Katty Beltrán
General Director
Fundación Dibujando un Mañana
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View from the Top

Healthcare Access Through Social Projects

Tue, 06/04/2019 - 18:02

Q: What advantages do companies get from participating in social projects with Fundación Dibujando un Mañana (FDM)?
A: The foundation has over 21 years of experience in social projects that boost social development in Mexico. Our investment model is based on transparency, efficiency and significant social impact. Therefore, companies that work with us can be certain that their money will be wisely invested and generate the maximum possible impact. To achieve this, the foundation analyzes each project and social organization to measure its ability to generate impact and operability. Later, it determines the investment risk that each represents so it can recommend only those projects that will have the greatest impact and visible results. For the duration of the project, organizations are audited by the foundation at different times and the money is conditioned to the results they deliver. Organizations have the responsibility to implement the project as presented, with the correct procedure in time and form. If this does not happen, the organization is penalized, financing stops and the money that was invested needs to be returned to the foundation. This year, FDM did a study to measure the social impact it generates and the results showed that a peso invested in the foundation equates to five pesos invested in social impact.
Q: How does FDM measure the impact of a project?
A: We are a second-floor foundation, which means we are a social investment organization. Our strength is the measurement of impact and the analysis of civil organizations. We are work with more than 900 organizations nationwide and four in Costa Rica. Measuring social impact begins with the selection of the organizations that apply for a project. We only select organizations that have the experience and capability to implement the project. FDM’s goal is to find the best organization in which to invest and generate the greatest impact. Subsequently, Fundación Dibujando un Mañana measures results by stages and the impact through reports elaborated by the organizations and an audit done by the foundation.  
Q: What have been the most emblematic projects in which FDM has participated in the health sector?
A: The foundation has completed two projects in the health sector and has one in the making. The first project, called A Hospital for All, was based on the remodeling and equipping of Mexico’s General Hospital Dr. Eduardo Liceaga ​​pediatrics’ area with the collaboration of the Naro Contigo Foundation. Through this collaboration, the Ministry of Health donated MX$15 million (US$780,000) and the foundation gathered another MX$15 million (US$780,000) through donations from different companies. The second project is an Alliance with Promotora Social Mexico called United to Give. This collaboration has been operational for four years and has benefited 38 institutions that work with over 21,000 children and adolescents with disabilities and a variety of health conditions in 13 states.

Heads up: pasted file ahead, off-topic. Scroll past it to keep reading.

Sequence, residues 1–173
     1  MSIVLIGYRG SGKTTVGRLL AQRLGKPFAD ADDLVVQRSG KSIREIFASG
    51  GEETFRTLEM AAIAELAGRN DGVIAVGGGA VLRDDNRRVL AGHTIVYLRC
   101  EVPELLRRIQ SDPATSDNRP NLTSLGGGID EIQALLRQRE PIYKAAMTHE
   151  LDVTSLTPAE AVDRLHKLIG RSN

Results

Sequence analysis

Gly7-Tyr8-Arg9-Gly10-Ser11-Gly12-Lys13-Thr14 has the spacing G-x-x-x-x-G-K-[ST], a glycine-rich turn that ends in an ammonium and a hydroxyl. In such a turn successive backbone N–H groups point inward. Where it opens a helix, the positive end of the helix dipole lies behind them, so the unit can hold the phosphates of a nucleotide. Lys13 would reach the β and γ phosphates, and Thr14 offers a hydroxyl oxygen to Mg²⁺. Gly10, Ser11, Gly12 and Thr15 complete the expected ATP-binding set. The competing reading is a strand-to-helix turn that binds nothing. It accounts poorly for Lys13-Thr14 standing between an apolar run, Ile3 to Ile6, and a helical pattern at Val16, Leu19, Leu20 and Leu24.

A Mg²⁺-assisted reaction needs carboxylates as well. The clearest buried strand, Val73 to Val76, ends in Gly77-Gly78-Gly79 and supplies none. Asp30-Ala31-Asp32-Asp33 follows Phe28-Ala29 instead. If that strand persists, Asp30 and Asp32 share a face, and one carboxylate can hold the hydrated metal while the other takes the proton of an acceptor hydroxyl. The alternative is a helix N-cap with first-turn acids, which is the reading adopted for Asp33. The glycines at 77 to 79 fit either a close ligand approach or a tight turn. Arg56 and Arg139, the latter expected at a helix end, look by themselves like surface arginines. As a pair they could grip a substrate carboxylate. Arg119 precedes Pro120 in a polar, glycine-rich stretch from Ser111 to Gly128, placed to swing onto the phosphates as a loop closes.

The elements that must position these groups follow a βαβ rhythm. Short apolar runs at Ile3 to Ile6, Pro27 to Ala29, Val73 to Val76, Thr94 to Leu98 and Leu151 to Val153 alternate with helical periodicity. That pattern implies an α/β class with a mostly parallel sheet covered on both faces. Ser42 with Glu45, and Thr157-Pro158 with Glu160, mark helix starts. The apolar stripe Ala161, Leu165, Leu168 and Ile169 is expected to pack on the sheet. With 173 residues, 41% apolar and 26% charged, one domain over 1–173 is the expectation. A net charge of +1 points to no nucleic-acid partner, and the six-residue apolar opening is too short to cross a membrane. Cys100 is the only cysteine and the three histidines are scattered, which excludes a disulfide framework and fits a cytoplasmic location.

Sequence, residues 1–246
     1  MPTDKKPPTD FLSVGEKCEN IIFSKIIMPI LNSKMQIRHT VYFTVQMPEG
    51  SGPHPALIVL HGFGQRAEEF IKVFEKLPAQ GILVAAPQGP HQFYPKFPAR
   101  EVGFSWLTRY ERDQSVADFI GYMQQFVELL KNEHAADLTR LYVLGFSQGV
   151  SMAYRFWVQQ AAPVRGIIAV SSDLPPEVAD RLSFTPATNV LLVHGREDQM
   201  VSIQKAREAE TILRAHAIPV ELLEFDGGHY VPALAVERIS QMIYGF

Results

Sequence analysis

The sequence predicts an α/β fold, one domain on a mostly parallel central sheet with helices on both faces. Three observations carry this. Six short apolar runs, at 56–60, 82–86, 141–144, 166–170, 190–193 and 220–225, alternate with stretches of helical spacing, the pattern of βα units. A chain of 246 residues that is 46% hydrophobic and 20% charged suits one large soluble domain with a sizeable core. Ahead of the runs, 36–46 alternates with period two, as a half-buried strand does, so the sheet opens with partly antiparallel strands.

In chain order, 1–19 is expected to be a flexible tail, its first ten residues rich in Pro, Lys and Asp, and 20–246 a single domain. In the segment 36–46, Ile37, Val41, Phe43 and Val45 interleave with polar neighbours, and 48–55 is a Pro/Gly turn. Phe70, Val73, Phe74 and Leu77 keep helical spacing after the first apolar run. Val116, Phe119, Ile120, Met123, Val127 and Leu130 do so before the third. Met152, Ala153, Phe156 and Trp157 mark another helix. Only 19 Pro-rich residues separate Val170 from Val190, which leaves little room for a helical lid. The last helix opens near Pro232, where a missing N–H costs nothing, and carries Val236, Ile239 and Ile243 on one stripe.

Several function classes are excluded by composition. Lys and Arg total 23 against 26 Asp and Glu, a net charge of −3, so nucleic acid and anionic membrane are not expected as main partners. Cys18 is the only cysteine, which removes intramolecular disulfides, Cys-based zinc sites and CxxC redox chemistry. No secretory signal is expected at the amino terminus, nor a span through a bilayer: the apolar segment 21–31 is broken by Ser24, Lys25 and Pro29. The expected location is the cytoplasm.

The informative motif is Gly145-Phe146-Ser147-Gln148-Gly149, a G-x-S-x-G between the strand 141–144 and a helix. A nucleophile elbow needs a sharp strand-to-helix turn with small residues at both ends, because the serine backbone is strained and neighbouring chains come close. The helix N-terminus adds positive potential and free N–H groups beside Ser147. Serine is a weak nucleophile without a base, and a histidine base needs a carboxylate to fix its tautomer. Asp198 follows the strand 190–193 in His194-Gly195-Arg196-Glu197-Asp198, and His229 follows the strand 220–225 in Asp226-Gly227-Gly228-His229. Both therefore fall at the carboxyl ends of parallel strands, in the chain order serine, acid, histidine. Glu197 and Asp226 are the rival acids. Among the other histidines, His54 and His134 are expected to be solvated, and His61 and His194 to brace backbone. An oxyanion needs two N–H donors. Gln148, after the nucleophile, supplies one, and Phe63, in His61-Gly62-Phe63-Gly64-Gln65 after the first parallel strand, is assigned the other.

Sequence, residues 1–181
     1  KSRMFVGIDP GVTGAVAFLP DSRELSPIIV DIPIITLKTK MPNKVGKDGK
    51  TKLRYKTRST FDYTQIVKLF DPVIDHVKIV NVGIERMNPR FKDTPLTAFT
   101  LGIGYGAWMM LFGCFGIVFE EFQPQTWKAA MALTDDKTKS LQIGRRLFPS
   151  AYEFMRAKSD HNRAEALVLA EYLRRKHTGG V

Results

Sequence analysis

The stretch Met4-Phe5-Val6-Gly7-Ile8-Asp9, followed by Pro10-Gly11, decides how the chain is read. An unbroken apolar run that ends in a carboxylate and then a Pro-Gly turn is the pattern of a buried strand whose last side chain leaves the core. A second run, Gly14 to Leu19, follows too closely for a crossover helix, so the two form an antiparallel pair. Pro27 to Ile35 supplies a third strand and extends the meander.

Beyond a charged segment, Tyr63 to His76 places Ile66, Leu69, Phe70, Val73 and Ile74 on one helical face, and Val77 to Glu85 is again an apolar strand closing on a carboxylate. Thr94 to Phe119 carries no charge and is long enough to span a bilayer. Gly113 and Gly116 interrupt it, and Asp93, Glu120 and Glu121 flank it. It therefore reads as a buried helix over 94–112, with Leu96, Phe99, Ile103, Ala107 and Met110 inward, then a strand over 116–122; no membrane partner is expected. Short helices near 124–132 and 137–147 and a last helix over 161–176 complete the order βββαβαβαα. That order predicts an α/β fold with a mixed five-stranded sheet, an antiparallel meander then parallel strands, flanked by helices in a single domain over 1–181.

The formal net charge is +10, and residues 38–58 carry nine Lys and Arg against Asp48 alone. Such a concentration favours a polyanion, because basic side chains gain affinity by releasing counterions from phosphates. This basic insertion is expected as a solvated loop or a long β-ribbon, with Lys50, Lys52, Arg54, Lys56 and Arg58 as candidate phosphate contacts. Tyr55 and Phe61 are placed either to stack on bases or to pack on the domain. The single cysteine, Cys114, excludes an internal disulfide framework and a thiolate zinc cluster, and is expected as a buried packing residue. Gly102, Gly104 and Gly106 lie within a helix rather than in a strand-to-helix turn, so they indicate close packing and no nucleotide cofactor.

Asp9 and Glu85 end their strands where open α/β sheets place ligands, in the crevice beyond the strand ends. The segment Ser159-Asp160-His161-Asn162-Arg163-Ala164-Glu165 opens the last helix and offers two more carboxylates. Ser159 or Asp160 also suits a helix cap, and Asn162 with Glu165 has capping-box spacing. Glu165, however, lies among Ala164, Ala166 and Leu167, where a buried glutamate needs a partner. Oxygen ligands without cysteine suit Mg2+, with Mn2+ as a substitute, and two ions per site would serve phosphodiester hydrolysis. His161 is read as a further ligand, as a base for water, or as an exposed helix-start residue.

FDM’s most recent project is the remodeling of the hospital in Valle de Bravo. This transformation will strengthen the hospital’s capability to provide healthcare to ensure it covers the needs of the municipality and nine others in its periphery. The remodeling goes beyond infrastructure, since FDM is working to create a health network in the municipality and avoid saturation at its only clinic. The project is in the initial stage of deciding its construction model. Once this is finished, the foundation will seek to involve all industry sectors: government, private companies and nonprofit organizations.
Q: How do private companies get involved in projects?
A: Their participation depends on the type of project and the company’s expertise. For example, FDM developed a project called Community Integral Development Center (CEDIC) that sought to improve the lives of children of workers and residents near the communities of Chimalhuacan and Nezahualcoyotl. Children live close to the recycling work in the Xochiaca Board, which is the biggest open-air trash dump in Latin America, so the goal was to provide them with a place where they could have access to health, education and nutritional services.